Performing the Queen's Men

Famous Victories: To the Court

The Conversion Scene

Tavern Stage Performance

The remainder of the scene (see video below) was relatively straight forward from the point of view of traffic on the stage. The prince exits after his long speech and then speaks without a stage direction to mark his re-entrance, but this can be easily resolved by having him re-enter before his line. We did have an issue here with our blocking protocol which dictated the prince should exit stage right...


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Edward Video 2
Blocking Protocol 1

What's the problem?

The king was placed stage right to allow the prince to enter stage left and address him directly but this meant that the prince’s false exit took place behind the king’s sick chair and when the prince re-entered most of the audience did not have a clear view of him. It was also clumsy having him cross behind his father as he exited the stage. The prince is feeling deep remorse for his behavior and it seemed a little disrespectful to walk past the king in this way.

University Stage Performance

We addressed this awkward exit in our later performances once the company had become more confident with the play and more flexible in their approach to blocking. Working on the University Stage we decided to have the prince exit stage left after his conversion speech and re-enter stage left, much like the porter did earlier in the scene on the other side of the stage...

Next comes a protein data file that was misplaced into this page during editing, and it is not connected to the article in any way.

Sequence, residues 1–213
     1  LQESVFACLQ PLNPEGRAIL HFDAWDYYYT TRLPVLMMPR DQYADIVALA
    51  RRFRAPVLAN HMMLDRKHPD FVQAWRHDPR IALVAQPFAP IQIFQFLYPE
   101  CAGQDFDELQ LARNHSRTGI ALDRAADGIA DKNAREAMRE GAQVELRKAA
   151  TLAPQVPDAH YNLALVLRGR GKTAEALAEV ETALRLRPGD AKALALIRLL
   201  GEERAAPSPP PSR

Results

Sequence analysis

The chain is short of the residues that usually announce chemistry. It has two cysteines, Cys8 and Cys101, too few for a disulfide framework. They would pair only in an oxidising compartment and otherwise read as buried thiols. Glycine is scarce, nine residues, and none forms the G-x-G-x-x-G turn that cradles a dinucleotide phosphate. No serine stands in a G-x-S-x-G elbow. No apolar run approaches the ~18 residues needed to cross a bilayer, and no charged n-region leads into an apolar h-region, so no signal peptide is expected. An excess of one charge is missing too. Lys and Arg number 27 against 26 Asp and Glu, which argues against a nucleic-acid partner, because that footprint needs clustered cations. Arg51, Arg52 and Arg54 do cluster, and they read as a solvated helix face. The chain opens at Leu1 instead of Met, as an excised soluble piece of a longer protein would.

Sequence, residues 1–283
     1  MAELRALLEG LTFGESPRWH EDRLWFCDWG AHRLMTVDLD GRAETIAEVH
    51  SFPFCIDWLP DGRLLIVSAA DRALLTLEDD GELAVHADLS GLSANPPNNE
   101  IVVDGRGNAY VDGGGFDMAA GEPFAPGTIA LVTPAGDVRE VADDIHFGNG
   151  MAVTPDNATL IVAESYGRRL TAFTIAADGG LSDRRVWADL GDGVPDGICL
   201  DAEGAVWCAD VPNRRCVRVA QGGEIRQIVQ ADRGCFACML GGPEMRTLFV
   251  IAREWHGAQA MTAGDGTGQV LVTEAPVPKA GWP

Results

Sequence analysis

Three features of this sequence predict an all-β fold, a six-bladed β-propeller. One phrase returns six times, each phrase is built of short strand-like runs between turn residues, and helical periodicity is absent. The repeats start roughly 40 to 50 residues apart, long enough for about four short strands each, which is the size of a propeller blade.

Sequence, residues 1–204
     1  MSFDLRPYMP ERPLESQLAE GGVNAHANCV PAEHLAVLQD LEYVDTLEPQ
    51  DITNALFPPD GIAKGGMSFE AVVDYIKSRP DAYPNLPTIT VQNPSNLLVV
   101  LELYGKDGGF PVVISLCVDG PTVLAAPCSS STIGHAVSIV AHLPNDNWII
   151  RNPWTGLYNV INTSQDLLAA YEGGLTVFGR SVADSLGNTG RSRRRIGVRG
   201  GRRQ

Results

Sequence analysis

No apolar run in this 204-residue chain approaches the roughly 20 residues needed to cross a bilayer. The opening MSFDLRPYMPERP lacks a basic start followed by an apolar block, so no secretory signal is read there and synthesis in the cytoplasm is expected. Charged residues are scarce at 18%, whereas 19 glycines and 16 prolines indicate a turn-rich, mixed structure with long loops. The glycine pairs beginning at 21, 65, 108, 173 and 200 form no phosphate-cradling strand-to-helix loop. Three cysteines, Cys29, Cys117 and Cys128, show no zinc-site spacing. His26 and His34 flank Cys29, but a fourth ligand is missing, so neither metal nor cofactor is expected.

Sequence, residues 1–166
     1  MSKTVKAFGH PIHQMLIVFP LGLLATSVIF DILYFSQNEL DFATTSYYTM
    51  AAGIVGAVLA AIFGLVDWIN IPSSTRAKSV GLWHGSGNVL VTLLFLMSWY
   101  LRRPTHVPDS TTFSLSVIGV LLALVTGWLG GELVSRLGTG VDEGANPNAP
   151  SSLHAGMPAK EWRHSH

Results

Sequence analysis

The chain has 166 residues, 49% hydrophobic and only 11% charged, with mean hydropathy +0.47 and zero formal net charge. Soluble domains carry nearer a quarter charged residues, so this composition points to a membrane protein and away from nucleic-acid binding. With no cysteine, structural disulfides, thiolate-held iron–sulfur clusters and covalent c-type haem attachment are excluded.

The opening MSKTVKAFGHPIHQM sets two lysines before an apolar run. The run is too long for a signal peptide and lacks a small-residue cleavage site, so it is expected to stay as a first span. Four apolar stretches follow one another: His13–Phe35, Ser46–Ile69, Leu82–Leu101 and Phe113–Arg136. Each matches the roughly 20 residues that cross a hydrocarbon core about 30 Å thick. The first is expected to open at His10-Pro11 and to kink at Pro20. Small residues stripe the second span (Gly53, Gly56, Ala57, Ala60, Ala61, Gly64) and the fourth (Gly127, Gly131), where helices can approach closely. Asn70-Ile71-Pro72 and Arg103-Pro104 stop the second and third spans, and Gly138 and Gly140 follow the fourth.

Edward Video 2
Blocking Protocol 2

Learning Through Experience...

Our simple blocking protocol was designed to avoid actors bumping into each other at the entrances and exits. In instances where characters exit and then quickly re-enter we realized they could safely exit and re-enter from the same curtain. As the productions developed in performance we found more cases where this gave better clarity to the flow of the scenes and the logic of the imagined space but instances where this was necessary were quite rare and for the most part our simple blocking protocol worked perfectly well. In this scene, the new blocking was more effective due to the double benefit that the king and the prince can see each other at the moment of his re-entry and the fact that the audience gained a clear line of sight on the prince.

Further Exploration

You may have noticed that the king is using a sick chair that can be wheeled on and off the stage even though there are no stage directions indicating the use of such a chair.

Explore the thought process behind the king's sick chair in another interactive module.

Examine stage direction problems from the other two plays independently.